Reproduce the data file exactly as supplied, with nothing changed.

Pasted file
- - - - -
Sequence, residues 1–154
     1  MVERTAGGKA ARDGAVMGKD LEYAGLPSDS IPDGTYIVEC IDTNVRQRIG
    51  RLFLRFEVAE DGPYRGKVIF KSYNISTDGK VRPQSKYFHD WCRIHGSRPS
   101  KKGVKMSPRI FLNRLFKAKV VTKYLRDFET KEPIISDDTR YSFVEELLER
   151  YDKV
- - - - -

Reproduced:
Sequence, residues 1–154
     1  MVERTAGGKA ARDGAVMGKD LEYAGLPSDS IPDGTYIVEC IDTNVRQRIG
    51  RLFLRFEVAE DGPYRGKVIF KSYNISTDGK VRPQSKYFHD WCRIHGSRPS
   101  KKGVKMSPRI FLNRLFKAKV VTKYLRDFET KEPIISDDTR YSFVEELLER
   151  YDKV